Less than one week after the firing of coach Mike Rice and just days after the story deepened with news of an FBI investigation into the case, Rutgers has launched an independent investigation into the conduct of Rice and the way in which the situation was handled over the weeks and months that followed, the AP is reporting.
The investigation stems from practice video that was leaked to the media by former Rutgers staffer Eric Murdock, who was not retained by the school prior to having provided the tape to ESPN’s “Outside the Lines”. Since the tape went public, Rice has been fired and athletic director Tim Pernetti has resigned.
According to a report, Pernetti is due to receive $1.2 million, two years worth of health insurance, car allowance, and an iPad as part of settlement with the university.
There have been calls for the resignation of President Robert Barchi, as well, with many citing the lapse between when Rice was suspended for the behavior seen on the tape five months prior and his firing this past week. There appeared to be discrepancies about when the video tape was seen and by whom.
Also Monday, board chairman Ralph Izzo said that one board member – athletics committee chairman Mark P. Hershhorn – had seen the video in December. Izzo said that it was not shown to other members and while the topic of the coach’s conduct was discussed at a committee meeting in December, it was not discussed at the whole-board meeting that month.
The 6-foot-3 guard averaged 10.3 points per game, while shooting 42 percent from three, as a freshman. He, along with Malcolm Hill and Michael Thorne Jr., is one of three returning players who averaged double figures last season.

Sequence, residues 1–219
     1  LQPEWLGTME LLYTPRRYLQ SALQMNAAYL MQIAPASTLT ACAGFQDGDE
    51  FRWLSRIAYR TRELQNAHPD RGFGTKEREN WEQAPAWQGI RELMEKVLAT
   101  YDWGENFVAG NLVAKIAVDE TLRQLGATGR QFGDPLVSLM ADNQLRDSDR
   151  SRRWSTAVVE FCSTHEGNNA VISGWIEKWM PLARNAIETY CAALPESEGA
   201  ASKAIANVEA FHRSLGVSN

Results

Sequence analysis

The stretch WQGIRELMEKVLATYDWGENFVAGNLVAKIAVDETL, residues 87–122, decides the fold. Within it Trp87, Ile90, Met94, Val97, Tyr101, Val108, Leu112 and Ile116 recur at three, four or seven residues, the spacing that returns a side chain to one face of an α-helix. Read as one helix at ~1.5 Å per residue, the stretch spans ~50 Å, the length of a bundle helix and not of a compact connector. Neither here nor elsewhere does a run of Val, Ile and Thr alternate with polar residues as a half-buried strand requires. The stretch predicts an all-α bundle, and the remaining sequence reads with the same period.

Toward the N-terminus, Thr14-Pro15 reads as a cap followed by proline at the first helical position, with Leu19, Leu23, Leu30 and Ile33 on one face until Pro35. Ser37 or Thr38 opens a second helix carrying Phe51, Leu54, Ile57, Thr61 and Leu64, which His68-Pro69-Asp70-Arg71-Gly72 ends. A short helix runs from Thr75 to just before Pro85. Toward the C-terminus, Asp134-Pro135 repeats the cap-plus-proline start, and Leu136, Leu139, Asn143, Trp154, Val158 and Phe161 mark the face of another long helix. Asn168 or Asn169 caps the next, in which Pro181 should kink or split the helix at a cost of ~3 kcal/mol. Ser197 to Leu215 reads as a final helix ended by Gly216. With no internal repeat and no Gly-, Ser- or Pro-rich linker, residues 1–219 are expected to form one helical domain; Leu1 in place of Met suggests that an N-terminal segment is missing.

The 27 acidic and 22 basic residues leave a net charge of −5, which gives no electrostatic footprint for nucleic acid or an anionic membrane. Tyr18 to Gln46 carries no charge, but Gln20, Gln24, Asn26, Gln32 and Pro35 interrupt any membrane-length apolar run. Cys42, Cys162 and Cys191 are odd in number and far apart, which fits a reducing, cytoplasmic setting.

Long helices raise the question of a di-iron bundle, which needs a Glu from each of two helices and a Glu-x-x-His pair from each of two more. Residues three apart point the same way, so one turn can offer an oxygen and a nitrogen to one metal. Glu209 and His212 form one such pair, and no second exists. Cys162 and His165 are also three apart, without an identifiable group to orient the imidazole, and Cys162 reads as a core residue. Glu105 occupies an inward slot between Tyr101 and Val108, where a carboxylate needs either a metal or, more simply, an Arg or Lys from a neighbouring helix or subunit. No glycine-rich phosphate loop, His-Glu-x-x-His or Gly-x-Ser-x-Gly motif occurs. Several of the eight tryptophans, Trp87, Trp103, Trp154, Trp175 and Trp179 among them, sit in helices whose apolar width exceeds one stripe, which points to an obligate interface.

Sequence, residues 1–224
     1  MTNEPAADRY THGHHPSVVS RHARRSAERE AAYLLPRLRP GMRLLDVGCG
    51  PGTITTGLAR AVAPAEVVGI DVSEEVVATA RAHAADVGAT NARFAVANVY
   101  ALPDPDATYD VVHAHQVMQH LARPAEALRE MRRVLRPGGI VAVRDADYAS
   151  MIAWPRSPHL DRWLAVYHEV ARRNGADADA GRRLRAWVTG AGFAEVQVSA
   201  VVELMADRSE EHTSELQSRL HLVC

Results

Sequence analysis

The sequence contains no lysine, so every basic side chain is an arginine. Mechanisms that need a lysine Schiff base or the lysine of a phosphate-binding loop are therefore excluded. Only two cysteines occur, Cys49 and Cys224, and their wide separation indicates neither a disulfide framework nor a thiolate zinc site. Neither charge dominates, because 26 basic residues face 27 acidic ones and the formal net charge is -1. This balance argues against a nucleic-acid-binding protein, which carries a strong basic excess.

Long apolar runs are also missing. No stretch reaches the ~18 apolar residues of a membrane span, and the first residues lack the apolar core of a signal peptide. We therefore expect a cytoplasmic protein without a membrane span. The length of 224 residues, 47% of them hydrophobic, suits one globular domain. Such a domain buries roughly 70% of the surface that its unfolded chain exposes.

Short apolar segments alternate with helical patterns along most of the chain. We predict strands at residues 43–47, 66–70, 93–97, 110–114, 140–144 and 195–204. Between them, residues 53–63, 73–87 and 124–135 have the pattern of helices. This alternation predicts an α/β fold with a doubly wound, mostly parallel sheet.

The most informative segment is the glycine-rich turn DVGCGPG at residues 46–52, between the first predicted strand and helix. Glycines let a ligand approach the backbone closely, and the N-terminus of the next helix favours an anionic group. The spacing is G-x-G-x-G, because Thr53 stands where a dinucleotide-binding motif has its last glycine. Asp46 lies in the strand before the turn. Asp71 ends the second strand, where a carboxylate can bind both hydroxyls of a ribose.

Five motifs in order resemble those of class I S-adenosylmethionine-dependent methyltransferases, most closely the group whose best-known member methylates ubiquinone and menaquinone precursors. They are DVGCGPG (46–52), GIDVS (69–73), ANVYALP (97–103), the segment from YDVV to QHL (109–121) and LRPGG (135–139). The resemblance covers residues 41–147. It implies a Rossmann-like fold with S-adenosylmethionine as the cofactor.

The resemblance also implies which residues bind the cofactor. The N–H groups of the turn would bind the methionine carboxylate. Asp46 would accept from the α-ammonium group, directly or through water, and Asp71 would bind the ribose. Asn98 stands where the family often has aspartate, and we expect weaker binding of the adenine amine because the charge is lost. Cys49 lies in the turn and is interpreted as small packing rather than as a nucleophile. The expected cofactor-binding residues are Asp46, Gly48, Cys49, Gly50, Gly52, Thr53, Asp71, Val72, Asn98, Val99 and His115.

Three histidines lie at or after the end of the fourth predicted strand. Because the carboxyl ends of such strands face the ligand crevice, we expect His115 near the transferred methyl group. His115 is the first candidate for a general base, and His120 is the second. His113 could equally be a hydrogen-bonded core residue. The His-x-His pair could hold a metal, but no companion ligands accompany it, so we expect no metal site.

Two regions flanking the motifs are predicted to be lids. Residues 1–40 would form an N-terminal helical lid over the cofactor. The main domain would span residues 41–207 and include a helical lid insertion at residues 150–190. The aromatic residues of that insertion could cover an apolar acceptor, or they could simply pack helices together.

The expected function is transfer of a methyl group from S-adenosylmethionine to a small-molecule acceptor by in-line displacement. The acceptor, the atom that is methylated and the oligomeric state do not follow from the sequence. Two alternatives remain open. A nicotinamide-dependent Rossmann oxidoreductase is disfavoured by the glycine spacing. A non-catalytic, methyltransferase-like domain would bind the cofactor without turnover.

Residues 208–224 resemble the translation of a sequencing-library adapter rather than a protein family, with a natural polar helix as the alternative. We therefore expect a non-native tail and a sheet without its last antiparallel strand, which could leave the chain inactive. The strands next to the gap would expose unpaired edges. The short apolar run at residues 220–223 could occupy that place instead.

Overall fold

This could prove to be a make-or-break year for John Groce, who enters his fifth season at the helm. He guided the Illini to an NCAA Tournament in his first season, but hasn’t been back since.
The key for the Illini is health. Abrams gives them experience and leadership, but it won’t be a surprise if there’s some rust in his game after spending the past two seasons on the sideline. Having a healthy Coleman-Lands will help stabilize the backcourt, while Hill, an all-conference caliber forward, and Thorne anchor the frontcourt.
Like Alkins, Jones was a sought-after scorer. The 6-foot-4 two-guard was rated No. 69 overall in the Class of 2016 by Rivals. He picked Indiana over offers from Cal, Cincinnati, Georgetown and more than a dozen other high-major programs.
Jeter, the 6-foot-10, played in a reserve role as a freshman, averaging 1.9 points and 1.9 rebounds per game last season. He will be part of a loaded frontline that includes heralded freshmen Harry Giles and Marques Bolden, as well as redshirt senior Amile Jefferson, who returns to the lineup following a foot injury.
The greatest player in Auburn program history will honored with a statue outside of the team’s home arena.
The university announced that Charles Barkley, the Naismith Memorial Basketball Hall of Famer, will be the fourth athlete to be given a statue, joining Heisman Trophy winners Bo Jackson, Pat Sullivan and Cam Newton.
“It just means a great deal to me,” Barkley said in a statement. “Being a kid from Alabama, going to Auburn. I think everybody knows what Auburn means to me. It’s going to be pretty cool.”
Barkley, currently working as an analyst for TNT, was the SEC Player of the Year in 1984, as well as a second team All-American. He averaged 14.1 points and 9.6 rebounds per game in 84 appearances for the Tigers.